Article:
Only a fifth of pregnant women in some areas have received the whooping cough vaccine, according to preliminary figures obtained from PCTs.
The DH released official figures today showing that half of pregnant women have received the vaccination, but statistics obtained by Pulse from 34 PCTs show that the percentage of pregnant women who received the whooping cough vaccination in October or November ranged from 21% to 77% across the UK.
The rates were described as ‘too low’ by the RCGP lead on immunisation, as cases of whooping cough continue to rise.
Figures from the Health Protection Agency show that cases of whooping cough have soared this year. Up to the end of October, the number of cases so far this year was nearly 10 times higher than for the same period in 2008, the last ‘peak’ year before the current outbreak.
The programme was introduced to boost the short-term immunity passed on by women to their newborn babies, who would normally not be vaccinated until two months old.
But there have been problems rolling out the programme, with Pulse reporting last month that midwives in some areas were refusing to take part.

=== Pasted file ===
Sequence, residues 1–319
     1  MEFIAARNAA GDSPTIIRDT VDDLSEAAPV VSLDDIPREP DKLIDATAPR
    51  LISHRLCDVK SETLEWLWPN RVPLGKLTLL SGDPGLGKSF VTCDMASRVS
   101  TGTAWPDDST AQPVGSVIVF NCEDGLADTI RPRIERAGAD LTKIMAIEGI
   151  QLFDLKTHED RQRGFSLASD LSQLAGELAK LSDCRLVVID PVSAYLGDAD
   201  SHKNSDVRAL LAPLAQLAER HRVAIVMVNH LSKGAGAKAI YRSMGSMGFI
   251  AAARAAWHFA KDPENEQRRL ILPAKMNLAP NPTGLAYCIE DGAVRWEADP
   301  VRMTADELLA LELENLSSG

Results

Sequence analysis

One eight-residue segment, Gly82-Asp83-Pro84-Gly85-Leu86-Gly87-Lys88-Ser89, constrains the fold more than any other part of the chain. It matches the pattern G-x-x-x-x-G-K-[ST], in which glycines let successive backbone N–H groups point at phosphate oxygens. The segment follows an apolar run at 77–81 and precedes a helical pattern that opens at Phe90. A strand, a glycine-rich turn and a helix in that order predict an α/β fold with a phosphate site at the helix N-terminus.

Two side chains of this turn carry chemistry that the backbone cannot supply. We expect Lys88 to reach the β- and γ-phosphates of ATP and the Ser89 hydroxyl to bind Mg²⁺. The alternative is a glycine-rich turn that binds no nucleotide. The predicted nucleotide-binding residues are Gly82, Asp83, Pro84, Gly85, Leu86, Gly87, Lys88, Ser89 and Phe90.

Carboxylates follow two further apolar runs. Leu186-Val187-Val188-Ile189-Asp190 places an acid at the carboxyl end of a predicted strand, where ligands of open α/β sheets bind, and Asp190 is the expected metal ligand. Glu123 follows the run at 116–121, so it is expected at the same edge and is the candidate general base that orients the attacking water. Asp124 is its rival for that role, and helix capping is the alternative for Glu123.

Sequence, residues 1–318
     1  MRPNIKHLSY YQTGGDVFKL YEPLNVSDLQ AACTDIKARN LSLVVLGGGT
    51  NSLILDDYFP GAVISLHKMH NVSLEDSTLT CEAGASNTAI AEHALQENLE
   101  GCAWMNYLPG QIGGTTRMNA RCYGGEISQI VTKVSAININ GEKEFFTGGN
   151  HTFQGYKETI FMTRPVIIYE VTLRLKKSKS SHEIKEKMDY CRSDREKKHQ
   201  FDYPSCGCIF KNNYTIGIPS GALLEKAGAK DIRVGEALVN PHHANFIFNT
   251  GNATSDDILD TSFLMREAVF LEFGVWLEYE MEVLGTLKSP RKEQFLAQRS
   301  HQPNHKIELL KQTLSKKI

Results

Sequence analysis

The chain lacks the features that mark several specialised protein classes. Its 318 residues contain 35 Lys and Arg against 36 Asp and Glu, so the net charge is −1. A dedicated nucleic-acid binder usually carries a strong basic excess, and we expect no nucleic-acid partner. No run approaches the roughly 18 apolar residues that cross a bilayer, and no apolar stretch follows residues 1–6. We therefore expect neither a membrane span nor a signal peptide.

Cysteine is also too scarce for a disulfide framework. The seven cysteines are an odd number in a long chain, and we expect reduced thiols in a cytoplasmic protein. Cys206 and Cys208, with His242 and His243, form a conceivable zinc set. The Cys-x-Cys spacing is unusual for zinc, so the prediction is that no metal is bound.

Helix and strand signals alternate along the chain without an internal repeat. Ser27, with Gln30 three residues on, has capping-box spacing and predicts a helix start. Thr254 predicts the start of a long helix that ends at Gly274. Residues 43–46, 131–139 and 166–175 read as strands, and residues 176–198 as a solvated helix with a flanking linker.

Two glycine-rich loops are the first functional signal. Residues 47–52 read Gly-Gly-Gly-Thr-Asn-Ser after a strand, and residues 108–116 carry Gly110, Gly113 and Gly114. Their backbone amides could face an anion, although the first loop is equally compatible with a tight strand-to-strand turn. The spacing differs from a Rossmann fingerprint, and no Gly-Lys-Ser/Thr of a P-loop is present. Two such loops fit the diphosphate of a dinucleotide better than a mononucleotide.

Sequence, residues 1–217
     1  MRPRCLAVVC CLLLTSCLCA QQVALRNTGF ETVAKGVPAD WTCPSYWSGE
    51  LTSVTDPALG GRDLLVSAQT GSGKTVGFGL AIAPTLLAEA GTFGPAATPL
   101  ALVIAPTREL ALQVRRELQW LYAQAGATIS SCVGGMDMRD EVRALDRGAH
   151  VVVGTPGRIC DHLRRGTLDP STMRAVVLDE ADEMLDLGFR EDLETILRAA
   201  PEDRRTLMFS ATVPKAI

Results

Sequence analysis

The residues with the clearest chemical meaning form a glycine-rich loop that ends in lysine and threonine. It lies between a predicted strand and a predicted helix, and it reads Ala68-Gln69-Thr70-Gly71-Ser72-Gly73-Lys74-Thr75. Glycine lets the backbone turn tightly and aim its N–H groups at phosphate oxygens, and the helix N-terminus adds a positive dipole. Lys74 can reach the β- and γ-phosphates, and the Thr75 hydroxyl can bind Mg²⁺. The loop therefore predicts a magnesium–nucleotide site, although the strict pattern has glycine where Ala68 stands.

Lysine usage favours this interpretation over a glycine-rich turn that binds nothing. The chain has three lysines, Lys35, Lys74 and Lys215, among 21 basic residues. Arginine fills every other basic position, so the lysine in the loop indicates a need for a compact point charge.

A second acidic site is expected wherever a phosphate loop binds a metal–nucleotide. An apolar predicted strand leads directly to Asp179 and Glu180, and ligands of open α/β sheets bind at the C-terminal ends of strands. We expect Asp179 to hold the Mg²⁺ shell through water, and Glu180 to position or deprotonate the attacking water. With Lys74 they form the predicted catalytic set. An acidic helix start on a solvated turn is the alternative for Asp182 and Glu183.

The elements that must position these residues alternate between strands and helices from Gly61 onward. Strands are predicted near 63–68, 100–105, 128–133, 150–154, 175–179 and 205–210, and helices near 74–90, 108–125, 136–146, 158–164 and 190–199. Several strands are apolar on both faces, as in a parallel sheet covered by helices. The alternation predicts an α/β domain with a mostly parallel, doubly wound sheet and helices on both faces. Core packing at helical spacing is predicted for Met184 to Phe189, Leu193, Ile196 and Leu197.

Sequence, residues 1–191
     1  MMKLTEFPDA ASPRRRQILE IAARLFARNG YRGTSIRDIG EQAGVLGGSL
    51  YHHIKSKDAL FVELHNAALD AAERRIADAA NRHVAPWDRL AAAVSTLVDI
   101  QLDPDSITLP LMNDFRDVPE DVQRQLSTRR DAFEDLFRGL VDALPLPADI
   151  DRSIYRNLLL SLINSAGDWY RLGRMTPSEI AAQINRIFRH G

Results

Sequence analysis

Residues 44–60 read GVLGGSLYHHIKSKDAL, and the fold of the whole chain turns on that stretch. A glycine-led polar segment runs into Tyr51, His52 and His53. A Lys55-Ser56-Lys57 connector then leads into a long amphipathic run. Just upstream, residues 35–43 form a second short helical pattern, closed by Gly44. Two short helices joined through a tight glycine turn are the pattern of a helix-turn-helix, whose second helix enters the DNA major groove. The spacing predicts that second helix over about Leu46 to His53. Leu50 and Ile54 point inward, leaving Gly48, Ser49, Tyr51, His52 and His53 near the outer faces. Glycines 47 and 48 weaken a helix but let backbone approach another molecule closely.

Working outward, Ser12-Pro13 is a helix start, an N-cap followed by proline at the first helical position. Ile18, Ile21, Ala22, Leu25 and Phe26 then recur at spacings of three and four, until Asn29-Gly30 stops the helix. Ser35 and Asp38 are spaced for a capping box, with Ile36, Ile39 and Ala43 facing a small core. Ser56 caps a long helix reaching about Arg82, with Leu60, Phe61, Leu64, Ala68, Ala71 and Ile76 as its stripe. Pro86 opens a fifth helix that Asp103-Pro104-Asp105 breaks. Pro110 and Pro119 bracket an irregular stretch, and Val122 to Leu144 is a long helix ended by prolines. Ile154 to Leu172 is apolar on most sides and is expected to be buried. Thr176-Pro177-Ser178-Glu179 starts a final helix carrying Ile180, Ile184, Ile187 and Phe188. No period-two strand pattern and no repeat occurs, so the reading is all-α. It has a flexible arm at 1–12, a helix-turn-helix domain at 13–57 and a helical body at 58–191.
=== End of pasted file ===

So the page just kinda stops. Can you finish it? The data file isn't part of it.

The range of women vaccinated in October and November ranged from 21% to 77%, while for those who provided data from from October to 7 December it was between 37% and 60%.
Just 21% of women in Heart of Birmingham PCT with a due delivery date in October received the vaccination after the DH launched the temporary programme to vaccinate women between 28 and 38 weeks pregnant.
A spokesperson for NHS Birmingham and Solihull said: ‘We are expecting to see an improvement in the next uptake figures.’
NHS Cheshire, Warrington and Wirral PCT Cluster administered vaccines to 24% of women due in October 2012, although a cluster spokesperson said there was ‘major under-reporting’.
Dr George Kassianos, the RCGP’s lead on immunisation and a GP in Bracknell, Berkshire, said current uptake rates were unacceptable.
He said: ‘These figures are too low. There is no reason why we can’t achieve 100% if all pregnant women agree to the vaccine. This cannot be achieved by GPs alone. There is a need for a national official information campaign by the DH and a great deal of co-operation of midwives.’
Percentage of women who had a pertussis-containing vaccination in October:
- NHS Heart of Birmingham 21%
- NHS Cheshire Warrington and Wirral 24%
- NHS Sandwell 27%
- NHS Bournemouth and Poole 28%
Source: 34 PCTs, data on file